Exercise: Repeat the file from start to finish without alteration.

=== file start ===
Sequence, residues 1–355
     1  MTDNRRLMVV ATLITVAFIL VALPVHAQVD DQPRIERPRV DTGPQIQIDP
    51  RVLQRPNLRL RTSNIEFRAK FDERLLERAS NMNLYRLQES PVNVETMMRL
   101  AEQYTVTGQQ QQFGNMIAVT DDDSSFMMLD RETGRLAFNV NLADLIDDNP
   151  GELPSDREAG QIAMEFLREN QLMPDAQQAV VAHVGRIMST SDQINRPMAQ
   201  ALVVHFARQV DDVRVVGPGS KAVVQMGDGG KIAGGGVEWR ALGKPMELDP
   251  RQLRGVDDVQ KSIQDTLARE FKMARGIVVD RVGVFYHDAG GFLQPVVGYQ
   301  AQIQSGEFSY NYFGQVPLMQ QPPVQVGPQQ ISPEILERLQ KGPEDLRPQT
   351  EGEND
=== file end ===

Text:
Sequence, residues 1–355
     1  MTDNRRLMVV ATLITVAFIL VALPVHAQVD DQPRIERPRV DTGPQIQIDP
    51  RVLQRPNLRL RTSNIEFRAK FDERLLERAS NMNLYRLQES PVNVETMMRL
   101  AEQYTVTGQQ QQFGNMIAVT DDDSSFMMLD RETGRLAFNV NLADLIDDNP
   151  GELPSDREAG QIAMEFLREN QLMPDAQQAV VAHVGRIMST SDQINRPMAQ
   201  ALVVHFARQV DDVRVVGPGS KAVVQMGDGG KIAGGGVEWR ALGKPMELDP
   251  RQLRGVDDVQ KSIQDTLARE FKMARGIVVD RVGVFYHDAG GFLQPVVGYQ
   301  AQIQSGEFSY NYFGQVPLMQ QPPVQVGPQQ ISPEILERLQ KGPEDLRPQT
   351  EGEND